While it is getting more difficult to find areas that unite people on opposite sides of the political spectrum, I think that neither liberal-leaning feminists nor conservative, traditionally minded women are shedding tears for Playboy founder Hugh Hefner. Before I proceed to destroy that Kumbaya moment, let’s take a minute to enjoy it.
It is easy to focus scorn on the founder of movements you don’t like. I’m not a fan of Playboy magazine, Playboy Clubs or the Playboy philosophy that encouraged sexual liberation. However, the Hefner empire wasn’t built because the government forced men to purchase its products or forced women to participate in its businesses. Men chose to buy magazines and become key-holders at the clubs; women chose to pose for the magazine and auditioned to work at the clubs. Many married women chose to either look the other way or chuckle when their husbands subscribed to Playboy and visited the clubs, sometimes even accompanying them. Lack of participation from either men or women could have derailed Hefner’s vision.
In 1963, Gloria Steinem took advantage of her figure and looks to go undercover as a reporter and describe the experience of spending a short time as a Playboy Bunny. Her exposé presents a rather unflattering picture of the men patronizing the club, but the women working at the club didn’t come off well either. About a decade later, Ms. Steinem founded Ms. Magazine and helped popularize the phrase, “A woman needs a man like a fish needs a bicycle,” promoting the idea that men were fine for sexual fun, but there was no need for marriage.
In 1992, Hugh Hefner told The New York TImes how proud he was, “That I changed attitudes toward sex. That nice people can live together now. That I decontaminated the notion of premarital sex. That gives me great satisfaction.” Ms. Magazine acolytes may have despised Mr. Hefner, but they similarly elevated those very goals. I think it unarguable that Gloria Steinem is a talented and hard-working woman who has had an outsized effect on popular culture. She chose where to apply her influence.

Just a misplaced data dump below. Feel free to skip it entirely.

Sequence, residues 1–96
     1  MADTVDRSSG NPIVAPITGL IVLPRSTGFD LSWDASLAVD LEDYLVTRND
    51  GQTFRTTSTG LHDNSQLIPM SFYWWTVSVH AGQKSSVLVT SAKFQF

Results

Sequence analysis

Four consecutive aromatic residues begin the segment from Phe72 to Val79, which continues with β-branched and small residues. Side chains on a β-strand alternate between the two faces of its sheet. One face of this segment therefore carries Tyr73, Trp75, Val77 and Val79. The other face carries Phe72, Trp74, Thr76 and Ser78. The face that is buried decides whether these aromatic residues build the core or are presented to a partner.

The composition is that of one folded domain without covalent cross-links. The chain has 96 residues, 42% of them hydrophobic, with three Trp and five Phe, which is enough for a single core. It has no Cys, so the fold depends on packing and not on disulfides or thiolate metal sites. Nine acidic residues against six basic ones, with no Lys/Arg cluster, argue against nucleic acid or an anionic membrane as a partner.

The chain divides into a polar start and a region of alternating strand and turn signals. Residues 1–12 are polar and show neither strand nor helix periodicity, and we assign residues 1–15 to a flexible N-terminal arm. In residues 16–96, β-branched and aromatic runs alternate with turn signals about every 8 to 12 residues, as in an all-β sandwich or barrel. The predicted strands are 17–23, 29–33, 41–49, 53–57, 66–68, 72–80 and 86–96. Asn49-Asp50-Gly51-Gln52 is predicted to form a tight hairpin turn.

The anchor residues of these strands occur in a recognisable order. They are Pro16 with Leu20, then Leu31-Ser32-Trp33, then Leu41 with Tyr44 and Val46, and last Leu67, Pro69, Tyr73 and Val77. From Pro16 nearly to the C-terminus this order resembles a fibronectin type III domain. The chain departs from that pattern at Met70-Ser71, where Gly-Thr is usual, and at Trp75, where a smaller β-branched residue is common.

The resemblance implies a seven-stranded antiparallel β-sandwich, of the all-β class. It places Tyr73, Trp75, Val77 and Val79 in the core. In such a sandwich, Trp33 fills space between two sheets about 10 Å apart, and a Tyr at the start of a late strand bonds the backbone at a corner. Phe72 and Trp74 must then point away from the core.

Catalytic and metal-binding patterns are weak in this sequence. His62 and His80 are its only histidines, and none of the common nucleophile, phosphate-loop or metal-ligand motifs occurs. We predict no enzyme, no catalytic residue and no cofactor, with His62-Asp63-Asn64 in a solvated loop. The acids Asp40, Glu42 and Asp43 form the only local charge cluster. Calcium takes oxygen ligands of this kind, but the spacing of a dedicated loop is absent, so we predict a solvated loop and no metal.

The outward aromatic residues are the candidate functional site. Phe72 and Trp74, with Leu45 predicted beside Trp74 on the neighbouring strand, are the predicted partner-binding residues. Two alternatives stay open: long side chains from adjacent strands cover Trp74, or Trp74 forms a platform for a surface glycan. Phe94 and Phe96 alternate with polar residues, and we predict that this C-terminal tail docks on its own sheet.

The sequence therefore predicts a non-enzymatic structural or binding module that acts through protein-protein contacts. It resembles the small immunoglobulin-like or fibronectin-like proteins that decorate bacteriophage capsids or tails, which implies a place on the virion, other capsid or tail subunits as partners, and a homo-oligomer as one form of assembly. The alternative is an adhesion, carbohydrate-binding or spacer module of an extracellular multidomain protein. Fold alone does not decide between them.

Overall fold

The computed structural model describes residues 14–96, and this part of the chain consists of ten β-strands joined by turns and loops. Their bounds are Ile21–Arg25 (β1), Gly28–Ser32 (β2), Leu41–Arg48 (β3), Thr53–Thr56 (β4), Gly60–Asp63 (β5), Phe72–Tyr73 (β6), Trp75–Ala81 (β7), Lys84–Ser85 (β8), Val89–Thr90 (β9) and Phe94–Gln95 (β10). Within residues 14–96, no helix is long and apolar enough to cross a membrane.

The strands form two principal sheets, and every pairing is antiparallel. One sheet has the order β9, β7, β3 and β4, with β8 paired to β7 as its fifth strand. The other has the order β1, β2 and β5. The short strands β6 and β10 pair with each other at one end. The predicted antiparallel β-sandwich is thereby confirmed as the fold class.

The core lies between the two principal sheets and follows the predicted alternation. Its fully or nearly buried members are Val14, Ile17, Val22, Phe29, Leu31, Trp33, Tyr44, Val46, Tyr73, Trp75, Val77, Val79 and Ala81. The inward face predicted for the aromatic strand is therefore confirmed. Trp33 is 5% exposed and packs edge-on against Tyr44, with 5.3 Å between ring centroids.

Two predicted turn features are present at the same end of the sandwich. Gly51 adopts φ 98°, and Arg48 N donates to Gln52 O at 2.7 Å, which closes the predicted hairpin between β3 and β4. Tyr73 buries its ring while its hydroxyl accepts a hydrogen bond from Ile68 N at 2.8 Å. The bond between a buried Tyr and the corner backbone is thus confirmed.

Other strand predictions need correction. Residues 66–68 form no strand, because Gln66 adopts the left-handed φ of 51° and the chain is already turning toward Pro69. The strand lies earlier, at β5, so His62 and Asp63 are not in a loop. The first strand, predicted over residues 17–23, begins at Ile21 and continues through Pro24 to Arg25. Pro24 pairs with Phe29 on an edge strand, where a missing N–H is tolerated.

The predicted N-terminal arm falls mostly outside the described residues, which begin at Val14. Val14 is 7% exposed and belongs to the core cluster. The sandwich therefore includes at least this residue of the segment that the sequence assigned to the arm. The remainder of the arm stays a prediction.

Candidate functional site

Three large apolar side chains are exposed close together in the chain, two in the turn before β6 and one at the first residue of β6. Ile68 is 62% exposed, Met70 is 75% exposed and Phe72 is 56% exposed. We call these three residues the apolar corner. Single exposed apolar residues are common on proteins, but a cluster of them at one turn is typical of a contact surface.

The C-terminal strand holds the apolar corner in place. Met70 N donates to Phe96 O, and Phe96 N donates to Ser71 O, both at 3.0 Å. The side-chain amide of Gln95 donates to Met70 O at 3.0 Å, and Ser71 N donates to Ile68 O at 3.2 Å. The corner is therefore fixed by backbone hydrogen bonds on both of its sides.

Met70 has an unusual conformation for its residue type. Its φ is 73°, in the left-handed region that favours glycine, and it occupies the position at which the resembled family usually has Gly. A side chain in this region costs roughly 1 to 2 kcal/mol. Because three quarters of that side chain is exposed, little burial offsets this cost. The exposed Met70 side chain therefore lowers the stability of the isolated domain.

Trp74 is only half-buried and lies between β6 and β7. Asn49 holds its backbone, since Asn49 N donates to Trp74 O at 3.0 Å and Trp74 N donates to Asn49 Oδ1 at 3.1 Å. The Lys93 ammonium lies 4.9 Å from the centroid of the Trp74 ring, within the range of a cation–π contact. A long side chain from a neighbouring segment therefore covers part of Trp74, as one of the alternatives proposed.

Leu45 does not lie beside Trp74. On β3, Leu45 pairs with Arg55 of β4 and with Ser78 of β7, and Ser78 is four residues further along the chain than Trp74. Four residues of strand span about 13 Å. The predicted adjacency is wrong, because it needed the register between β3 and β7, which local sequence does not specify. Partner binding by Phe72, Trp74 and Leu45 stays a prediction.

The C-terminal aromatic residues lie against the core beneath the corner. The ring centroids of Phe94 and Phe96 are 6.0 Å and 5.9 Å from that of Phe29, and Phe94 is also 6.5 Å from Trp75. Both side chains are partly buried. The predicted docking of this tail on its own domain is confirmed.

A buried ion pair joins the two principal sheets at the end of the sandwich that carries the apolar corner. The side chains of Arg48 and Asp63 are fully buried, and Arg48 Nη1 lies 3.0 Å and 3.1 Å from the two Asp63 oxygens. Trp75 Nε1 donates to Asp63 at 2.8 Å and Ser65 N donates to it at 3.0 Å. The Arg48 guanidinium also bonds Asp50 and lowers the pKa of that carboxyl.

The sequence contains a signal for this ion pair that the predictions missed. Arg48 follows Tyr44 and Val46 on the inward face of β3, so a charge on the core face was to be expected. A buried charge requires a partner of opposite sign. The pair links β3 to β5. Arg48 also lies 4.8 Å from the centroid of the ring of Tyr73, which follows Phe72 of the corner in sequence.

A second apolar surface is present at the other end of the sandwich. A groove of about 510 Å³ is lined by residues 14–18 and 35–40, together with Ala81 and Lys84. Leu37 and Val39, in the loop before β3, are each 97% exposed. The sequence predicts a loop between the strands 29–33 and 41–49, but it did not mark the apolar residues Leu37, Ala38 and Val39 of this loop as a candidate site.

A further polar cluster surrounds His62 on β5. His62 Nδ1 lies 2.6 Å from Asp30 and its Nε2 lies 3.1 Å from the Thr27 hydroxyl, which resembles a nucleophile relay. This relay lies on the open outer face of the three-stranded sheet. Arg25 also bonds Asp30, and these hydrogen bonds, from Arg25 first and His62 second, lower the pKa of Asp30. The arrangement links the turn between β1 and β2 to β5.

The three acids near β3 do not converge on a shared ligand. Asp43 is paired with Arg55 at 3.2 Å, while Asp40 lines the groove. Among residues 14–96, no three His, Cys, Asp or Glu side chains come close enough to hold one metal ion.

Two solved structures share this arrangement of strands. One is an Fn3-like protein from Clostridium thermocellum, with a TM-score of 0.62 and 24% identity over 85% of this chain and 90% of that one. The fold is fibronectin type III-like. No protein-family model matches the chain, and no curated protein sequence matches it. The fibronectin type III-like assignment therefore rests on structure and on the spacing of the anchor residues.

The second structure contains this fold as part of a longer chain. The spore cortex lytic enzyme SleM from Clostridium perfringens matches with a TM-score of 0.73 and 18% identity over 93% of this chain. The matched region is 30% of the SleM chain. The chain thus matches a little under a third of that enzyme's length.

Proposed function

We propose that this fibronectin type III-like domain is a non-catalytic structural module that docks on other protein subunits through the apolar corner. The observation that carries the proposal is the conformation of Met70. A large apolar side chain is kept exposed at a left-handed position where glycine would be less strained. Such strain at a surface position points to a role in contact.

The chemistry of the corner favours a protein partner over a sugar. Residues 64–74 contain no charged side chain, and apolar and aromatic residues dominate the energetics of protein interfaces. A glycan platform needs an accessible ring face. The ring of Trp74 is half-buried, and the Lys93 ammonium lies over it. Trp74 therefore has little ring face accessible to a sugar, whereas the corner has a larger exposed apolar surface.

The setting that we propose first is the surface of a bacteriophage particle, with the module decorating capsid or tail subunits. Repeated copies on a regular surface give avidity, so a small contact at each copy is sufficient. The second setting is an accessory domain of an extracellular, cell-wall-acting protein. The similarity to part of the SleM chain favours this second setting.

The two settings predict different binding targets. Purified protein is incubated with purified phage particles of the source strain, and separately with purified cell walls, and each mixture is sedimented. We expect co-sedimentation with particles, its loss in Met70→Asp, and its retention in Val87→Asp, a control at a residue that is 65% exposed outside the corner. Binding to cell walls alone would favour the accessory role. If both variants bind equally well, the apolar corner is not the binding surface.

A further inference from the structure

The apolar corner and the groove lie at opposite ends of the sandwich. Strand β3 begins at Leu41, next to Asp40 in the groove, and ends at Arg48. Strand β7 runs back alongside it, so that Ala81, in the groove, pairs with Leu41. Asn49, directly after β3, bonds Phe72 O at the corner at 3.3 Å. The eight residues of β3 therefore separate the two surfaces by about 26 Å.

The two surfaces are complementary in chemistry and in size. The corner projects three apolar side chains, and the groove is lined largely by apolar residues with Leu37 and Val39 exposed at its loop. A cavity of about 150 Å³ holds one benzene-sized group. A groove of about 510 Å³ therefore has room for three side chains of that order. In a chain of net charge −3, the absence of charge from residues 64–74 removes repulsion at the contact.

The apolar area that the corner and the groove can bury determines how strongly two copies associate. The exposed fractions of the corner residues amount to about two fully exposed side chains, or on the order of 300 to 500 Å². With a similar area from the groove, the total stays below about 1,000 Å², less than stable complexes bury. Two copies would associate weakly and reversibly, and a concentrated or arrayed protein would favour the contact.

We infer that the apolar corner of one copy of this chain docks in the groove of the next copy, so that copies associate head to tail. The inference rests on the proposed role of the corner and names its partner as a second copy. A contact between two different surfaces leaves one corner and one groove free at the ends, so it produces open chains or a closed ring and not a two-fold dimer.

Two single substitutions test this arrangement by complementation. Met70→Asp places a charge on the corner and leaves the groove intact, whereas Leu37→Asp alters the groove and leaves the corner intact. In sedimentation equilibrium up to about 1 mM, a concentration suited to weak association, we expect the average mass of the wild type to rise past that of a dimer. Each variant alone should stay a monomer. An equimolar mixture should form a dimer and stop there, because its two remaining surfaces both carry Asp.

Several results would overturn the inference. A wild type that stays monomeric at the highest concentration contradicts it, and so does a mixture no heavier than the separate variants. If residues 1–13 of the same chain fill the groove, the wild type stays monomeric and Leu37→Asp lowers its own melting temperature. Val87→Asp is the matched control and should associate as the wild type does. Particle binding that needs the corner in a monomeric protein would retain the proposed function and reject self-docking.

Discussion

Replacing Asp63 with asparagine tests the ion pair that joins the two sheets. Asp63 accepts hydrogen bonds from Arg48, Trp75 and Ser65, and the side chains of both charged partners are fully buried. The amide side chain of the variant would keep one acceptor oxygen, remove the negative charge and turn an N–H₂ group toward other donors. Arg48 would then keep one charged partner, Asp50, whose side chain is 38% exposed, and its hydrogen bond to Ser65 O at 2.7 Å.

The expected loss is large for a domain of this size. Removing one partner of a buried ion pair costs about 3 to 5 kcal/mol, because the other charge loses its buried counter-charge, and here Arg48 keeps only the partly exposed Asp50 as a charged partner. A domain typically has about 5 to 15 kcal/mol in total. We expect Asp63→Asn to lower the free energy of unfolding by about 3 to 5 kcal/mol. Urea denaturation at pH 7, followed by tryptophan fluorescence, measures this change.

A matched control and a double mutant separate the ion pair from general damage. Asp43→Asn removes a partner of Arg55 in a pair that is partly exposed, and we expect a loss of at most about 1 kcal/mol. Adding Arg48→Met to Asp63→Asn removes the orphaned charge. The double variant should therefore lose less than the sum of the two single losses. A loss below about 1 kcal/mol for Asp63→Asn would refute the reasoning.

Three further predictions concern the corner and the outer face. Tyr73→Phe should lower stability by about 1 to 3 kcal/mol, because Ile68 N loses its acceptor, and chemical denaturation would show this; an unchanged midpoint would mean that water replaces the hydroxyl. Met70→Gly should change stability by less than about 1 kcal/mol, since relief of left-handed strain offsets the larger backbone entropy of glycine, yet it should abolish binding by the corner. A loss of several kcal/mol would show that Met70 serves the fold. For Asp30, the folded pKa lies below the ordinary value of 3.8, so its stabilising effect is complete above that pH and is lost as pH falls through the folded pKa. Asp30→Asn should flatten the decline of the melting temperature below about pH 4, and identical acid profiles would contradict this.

Daphne Jackson, about two and a half years younger than Ms. Steinem, became the first female physics professor in the United Kingdom. She wanted to encourage other women to advance in science and engineering careers while being married and having a family. Realizing that women often took breaks for family reasons and needed retraining to get back into the field at a high level, in 1985 she began a fellowship supporting those women as they re-entered the workplace.
Today, unfortunately, there are still women who, at the same time as they righteously demand respect, treat their looks and figures as their greatest commodity. Both Hugh Hefner and Gloria Steinem supported the sexual revolution that gave that market an aura of respectability. There are also women devoting themselves to advancing science and engineering. Gloria Steinem’s work enlarged both those groups while Judith Jackson only supported the second.
Two intelligent women, both of whom felt that women should and could contribute their abilities to society to a greater degree than they were. Had Ms. Steinem joined Professor Jackson in enabling women to expand their academic and business opportunities without at the same time popularizing a sexual revolution, Hugh Hefner’s obituaries might be obscure side notes of history.